There followed a day of sightseeing with his uncle, this after walking 29 miles in less than eleven hours. The following day he returned, "feet sore, the weather being warm". It was not just the men who walked. At one point, Jenkins records that his wife left Llandeilo to walk to Carmarthen at 4 a.m., though she was pregnant at the time.

And even at the slow pace of the old world there were traffic accidents, such as a horse taking fright in Bridge Street, Llandeilo, and plunging over the parapet, killing two passengers in a carriage. So you can share Jenkins's wonder at the arrival of the railway. He walked to Swansea, took a ship to Bristol and there got on a train for the first time. His comment is to the point: "20 minutes - 12 miles."

On 21 December 1849 he is almost as brief. "Made a homomotive carriage with three wheels."

No plan survives and Jenkins does not describe how it works, this man-powered carriage, but on the following day there is this: "Left for Carmarthen in the carriage at 5 p.m. Arrived 7.30." "For him to average 6mph means that on the flat or downhill he must have been touching 15 to 20 mph," said Lynn Hughes. "All this in a thing made of cast iron. He must have had some kind of belt drive and pedals."

But what I find so in amazing is that when he set out to make something, it rarely took him longer than a day. "Made a blast fan." "Made a turnip cutter to my own plan." "Made two hand pumps, also horse pump." "Made an air furnace." "Made a circular saw."

Then there were the local caves, into which he ventured prepared for anything. "I took a pistol and Peter brought his clarinet." But at Llygad Llwchwr, near Carreg Cennen Castle, he was alarmed enough to bring a ball of twine, which he attached to a stalactite in case they got lost among the side passages, when they went 567 feet underground. The fascinating thing is that he and his friends chose to enter at 8 p.m., and then emerged at 1 a.m. Our ancestors had a strange sense of time. On another occasion he hit a stalactite with a hammer. It made, he recorded, as fine and loud a noise as any bell in Llandeilo steeple.

The old world intrudes from time to time. He takes the 6 a.m. coach and records: "A tremendous storm of hail and sleet blowing in my face" - so he must have been on the roof, where the fares were cheaper. He meets the famous wizard, Henry Harris, but records only: "He is in a decline, can't live many weeks."

"1835. Went to Carmarthen Fair. Saw a giantess, a Hottentot woman, a flaxen-haired negro, two serpents, a crocodile, alligator, porcupine, American sea serpent, boa constrictor etc. Saw a woman raise 300lbs by her hair." It is the old poise that did not desert him, even when castles were burning.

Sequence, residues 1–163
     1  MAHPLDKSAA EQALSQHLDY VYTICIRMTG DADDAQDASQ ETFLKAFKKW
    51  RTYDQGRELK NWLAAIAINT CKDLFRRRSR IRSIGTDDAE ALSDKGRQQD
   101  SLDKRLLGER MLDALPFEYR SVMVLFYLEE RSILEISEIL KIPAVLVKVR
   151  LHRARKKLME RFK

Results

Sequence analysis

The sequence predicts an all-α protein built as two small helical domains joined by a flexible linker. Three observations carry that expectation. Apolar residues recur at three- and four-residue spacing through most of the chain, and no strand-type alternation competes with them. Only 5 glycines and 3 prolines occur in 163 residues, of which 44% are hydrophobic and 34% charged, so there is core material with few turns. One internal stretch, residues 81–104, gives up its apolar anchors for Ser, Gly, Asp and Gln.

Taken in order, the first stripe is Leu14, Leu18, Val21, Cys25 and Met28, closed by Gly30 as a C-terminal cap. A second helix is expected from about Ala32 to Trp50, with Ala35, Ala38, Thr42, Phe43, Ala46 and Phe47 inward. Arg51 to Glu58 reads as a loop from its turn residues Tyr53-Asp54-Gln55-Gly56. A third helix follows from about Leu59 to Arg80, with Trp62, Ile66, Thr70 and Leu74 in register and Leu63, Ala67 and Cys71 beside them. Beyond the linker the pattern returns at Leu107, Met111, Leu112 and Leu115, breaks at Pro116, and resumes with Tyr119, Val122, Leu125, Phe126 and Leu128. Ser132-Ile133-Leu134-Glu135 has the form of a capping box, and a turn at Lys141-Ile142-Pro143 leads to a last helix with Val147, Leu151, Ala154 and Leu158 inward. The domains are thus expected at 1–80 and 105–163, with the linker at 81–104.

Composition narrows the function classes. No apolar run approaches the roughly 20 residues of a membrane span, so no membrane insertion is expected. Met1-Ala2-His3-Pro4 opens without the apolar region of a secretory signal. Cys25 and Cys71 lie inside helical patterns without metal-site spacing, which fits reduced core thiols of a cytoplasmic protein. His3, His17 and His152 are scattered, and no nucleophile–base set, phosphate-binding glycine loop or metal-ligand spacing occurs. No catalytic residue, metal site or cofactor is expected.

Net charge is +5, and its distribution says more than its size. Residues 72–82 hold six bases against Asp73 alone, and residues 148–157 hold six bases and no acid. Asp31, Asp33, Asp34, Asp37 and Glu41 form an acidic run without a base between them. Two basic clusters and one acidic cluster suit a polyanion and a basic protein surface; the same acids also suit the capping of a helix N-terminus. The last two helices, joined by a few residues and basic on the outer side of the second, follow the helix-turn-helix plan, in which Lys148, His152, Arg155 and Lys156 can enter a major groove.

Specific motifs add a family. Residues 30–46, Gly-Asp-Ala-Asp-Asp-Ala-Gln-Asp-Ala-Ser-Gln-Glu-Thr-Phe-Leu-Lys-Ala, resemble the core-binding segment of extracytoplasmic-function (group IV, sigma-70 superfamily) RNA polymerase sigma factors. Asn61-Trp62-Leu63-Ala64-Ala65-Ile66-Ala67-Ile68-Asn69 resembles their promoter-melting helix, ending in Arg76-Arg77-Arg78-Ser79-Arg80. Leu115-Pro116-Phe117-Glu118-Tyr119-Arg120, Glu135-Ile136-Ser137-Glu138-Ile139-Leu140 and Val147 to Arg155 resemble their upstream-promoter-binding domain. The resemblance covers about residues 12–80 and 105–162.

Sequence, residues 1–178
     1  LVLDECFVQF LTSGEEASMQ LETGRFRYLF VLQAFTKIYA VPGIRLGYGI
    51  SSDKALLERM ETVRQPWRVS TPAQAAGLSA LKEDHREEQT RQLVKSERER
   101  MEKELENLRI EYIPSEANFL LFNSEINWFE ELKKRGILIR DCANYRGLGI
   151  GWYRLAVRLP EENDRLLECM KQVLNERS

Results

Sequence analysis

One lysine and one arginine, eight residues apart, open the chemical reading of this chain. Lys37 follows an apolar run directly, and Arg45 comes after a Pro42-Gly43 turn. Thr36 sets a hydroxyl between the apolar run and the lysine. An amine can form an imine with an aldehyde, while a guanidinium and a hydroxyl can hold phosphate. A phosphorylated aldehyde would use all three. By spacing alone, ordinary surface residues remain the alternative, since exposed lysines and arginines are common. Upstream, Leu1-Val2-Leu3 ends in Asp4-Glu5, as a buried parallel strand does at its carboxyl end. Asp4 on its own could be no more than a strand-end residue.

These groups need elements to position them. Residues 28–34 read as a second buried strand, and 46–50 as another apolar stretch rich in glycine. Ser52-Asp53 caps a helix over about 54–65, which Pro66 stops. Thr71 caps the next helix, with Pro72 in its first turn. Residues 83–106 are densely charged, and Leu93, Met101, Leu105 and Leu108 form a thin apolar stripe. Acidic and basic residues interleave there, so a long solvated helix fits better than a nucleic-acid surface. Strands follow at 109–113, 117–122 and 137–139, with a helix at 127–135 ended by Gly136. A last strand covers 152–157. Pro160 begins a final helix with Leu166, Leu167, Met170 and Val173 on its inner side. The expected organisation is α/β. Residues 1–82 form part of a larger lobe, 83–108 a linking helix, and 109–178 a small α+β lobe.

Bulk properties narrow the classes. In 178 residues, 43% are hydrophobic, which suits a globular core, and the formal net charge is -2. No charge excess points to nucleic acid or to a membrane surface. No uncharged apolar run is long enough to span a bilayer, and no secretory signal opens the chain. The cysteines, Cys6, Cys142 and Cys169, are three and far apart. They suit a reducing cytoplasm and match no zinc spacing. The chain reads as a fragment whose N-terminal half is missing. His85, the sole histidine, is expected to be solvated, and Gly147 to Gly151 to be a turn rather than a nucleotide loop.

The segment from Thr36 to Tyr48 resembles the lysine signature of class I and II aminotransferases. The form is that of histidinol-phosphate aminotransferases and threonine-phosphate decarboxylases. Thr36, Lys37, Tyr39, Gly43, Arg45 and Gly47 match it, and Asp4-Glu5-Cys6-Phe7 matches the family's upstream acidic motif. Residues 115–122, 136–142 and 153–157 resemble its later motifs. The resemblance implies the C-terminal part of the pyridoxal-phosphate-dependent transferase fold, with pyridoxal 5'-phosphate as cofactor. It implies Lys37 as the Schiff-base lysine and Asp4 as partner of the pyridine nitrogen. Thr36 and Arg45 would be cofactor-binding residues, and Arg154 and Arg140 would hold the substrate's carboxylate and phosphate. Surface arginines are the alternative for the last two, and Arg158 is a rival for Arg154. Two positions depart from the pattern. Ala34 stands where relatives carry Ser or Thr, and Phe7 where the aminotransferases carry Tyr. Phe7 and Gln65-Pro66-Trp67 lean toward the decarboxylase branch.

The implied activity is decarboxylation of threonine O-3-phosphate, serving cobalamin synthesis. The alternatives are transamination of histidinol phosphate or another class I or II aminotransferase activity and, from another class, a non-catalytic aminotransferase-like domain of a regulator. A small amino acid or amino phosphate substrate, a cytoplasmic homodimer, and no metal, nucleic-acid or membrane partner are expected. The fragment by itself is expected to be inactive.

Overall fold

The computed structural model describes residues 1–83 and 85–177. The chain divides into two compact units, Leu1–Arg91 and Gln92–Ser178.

He was in love once: a widower with four small children when he met Sarah Davies. He was in his late thirties, she was twenty, and theirs was a formal courtship. They wrote each other many letters, each one of which he notes, for they must have meant a great deal, as did their encounters. "Took tea with Miss Davies."

Sarah Davies came from Aberdauddwr on the B4337 north of Llandeilo, not far past Edwinsford, where the little bridge he built still stands. It was here that he came to her deathbed. She died a few weeks after her twenty-first birthday, in such a state of religious ecstasy that she saw Heaven opening. Jenkins made notes. 'She said: "The sun is setting, ... but it will soon be light again," offering up a short prayer and singing several scraps of hymns. She desired that should be buried at Bethel, near the brook in which she had been baptised at 12. She requested that I should make her coffin and design her headstone ...' And all this was done.

The chapel is two miles from the village of Farmers. You see the brook first, then the stone groove into which a wooden dam was inserted to make the water deep enough for baptism. Above this, on a hill, is the chapel. Her grave is not hard to find, being one of a matching pair made of slate set into an elaborate limestone frame, both cut by Jenkins, who did make her coffin, and then placed an account of her death in a stone jar.

It is quiet there, as it must have been when he returned to spread flowers on her grave. All you will hear is the sound of water, just as he heard it, this remarkable man of whom just one crumpled portrait survives. A long, abstracted face stares out of the past.

[Article from The Bank Manager and the Holy Grail: Travels to the weirder reaches of Wales, by Byron Rogers, Aurum Press, 2003. Reproduced by kind permission of the author.]

Read extracts from Thomas Jenkins' diary